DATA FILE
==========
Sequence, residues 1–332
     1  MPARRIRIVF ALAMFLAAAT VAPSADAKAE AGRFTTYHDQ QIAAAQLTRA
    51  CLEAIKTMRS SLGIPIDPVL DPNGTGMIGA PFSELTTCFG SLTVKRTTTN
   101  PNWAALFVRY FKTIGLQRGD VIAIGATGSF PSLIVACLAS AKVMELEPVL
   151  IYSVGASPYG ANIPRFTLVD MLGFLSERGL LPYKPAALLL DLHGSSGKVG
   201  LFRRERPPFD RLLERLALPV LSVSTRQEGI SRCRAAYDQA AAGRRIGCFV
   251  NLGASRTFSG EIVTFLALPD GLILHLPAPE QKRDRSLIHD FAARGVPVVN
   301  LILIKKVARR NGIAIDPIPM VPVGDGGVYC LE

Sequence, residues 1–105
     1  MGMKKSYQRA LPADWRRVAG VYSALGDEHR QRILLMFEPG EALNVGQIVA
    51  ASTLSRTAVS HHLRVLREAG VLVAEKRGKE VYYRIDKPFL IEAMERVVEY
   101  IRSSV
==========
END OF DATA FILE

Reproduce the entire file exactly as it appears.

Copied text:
Sequence, residues 1–332
     1  MPARRIRIVF ALAMFLAAAT VAPSADAKAE AGRFTTYHDQ QIAAAQLTRA
    51  CLEAIKTMRS SLGIPIDPVL DPNGTGMIGA PFSELTTCFG SLTVKRTTTN
   101  PNWAALFVRY FKTIGLQRGD VIAIGATGSF PSLIVACLAS AKVMELEPVL
   151  IYSVGASPYG ANIPRFTLVD MLGFLSERGL LPYKPAALLL DLHGSSGKVG
   201  LFRRERPPFD RLLERLALPV LSVSTRQEGI SRCRAAYDQA AAGRRIGCFV
   251  NLGASRTFSG EIVTFLALPD GLILHLPAPE QKRDRSLIHD FAARGVPVVN
   301  LILIKKVARR NGIAIDPIPM VPVGDGGVYC LE

Sequence, residues 1–105
     1  MGMKKSYQRA LPADWRRVAG VYSALGDEHR QRILLMFEPG EALNVGQIVA
    51  ASTLSRTAVS HHLRVLREAG VLVAEKRGKE VYYRIDKPFL IEAMERVVEY
   101  IRSSV